Sinister A Suzuki Katana Restomod By Db Customs
The word ‘iconic’ gets thrown around too easily sometimes, but there’s no disputing the Suzuki Katana’s claim to it. Its radical looks might not have won everyone over when it first hit the scene in 1981, but it went on to build a true cult following. So if you’re going to build a Katana restomod, you’d better do it justice.
Darren Begg sure knows how to treat the Katana right. He runs dB Customs out of Ottawa, Canada, and has a knack for building jaw-dropping 80s restomods and race bikes. Not one to sacrifice function for form, he also has a tendency to drown his bikes in well-judged performance updates.
Built for a client, this sinister Suzuki Katana is positively dripping with style. Darren’s brought it up to date with major changes to the bodywork, engine and chassis—but it hasn’t lost any of its retro charm.
The project started out with a 1982-model Suzuki GSX1100S Katana, but very little of the original bike remains. For starters, the engine’s had a full overhaul. It’s now running 1,216 cc Wiseco pistons, with Ray Mancini at Xtreme Motorsports responsible for reworking the head.
Other upgrades include oversized stainless steel valves, Webcams camshafts, and Hayabusa rods with custom spacer plates. There’s also a new ECU from NWT Electronics, and a Dynatek Dyna 2000 ignition with new coils, all made to work with Accel wires. Take a peek behind the front wheel, and you’ll also spot a new Setrab oil cooler.
The Katana inhales through a row of Yoshimura TMR-MJN carbs, and out through a Racefit titanium exhaust system. (You can get an earful of it here [https://www.youtube.com/watch?v=Oj_nEq0H8pI].)
Darren gave equal attention to the frame. It’s been braced in all the right places, and mated to a reinforced Suzuki Bandit 1200 swingarm. It’s also running a full complement of Öhlins suspension parts; upside-down forks for the front, and burly piggyback shocks for the rear.
For the wheels, Darren settled on a pair of lightweight aluminum hoops from Dymag, with Avon Spirit ST tires. Twin Brembo brake calipers sit up front, with a single Brembo unit sitting on a custom-made bracket at the back. Both sides run with new braided stainless steel hoses.
All of the Katana’s bodywork looks more or less original, but much of it has been swapped out. Darren kept the original fuel tank—but modified it to accommodate a new filler cap from Newton Equipment.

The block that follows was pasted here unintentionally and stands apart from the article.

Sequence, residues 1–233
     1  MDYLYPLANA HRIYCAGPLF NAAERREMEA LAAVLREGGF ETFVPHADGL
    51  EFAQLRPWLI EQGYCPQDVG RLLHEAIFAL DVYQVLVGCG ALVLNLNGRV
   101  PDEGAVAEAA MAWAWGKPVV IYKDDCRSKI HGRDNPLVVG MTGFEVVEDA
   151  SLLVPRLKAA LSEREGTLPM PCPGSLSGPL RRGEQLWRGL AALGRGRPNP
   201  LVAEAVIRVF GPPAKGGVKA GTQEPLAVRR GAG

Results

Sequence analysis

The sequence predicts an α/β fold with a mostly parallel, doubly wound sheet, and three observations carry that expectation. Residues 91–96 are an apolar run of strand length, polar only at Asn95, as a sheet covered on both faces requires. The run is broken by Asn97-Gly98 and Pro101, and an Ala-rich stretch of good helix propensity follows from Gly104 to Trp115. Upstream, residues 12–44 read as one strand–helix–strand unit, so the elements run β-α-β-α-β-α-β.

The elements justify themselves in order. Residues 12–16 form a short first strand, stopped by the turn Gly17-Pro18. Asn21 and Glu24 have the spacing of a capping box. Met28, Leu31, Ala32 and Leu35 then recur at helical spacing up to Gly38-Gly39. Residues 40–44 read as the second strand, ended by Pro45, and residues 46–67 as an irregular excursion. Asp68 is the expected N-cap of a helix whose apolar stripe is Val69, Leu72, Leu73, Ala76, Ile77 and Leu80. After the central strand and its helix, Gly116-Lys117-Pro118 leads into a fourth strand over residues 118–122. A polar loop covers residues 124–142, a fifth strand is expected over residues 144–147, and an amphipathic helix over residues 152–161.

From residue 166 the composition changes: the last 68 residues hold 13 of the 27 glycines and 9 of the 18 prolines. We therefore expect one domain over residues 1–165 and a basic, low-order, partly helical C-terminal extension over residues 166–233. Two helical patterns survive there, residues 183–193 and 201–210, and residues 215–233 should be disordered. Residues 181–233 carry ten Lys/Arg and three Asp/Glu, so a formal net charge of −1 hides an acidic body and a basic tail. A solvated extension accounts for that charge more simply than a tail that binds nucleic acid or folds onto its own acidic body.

The front fairing and side covers are new-old-stock parts, fitted with a titanium coated windshield from Ohno-Speed in Japan. A pair of carbon fiber fins sit just below the headlight nacelle—those are from Magical Racing, also in Japan. A carbon fiber fender finishes off the front.
Darren sourced the bike’s new tail cowl, plus its headlight and taillight, from Unicorn Japan. The seat is a bolt-on part from Daytona and AC Sanctuary—two of the best names in the classic Japanese sportbike scene. A tail tidy from Ohno-Speed keeps the back end of the bike clean, while offering a discreet place to mount the license plate.
Darren went all-out on the rider cockpit too, starting with a set of custom-machined yokes. The clip-ons are ABM touring bike items, sitting a little higher than the usual race bike fare for added comfort. They’re fitted with a Yoshi throttle, Driven Racing grips, Brembo levers, and switches from NWT Electronics.
A Koso RX-2 gauge cluster sits front and center, while Rizoma bar-end mirrors flank the bike. Darren finished the bike off with slim Koso LED turn signals and Sato Racing rear-sets.
A menacing black paint scheme drives the point home, punctuated only by a handful of red and white accents. Those period correct Suzuki and Katana logos aren’t stickers either—Darren’s go-to paint shop, Sketch’s Ink, laid the entire livery down by hand.
Kitted to the nines with a flawless stance, this icon looks even better than the day it rolled off the factory floor. Long live the Katana!
dB Customs | Facebook | Instagram | Images by Darren Begg
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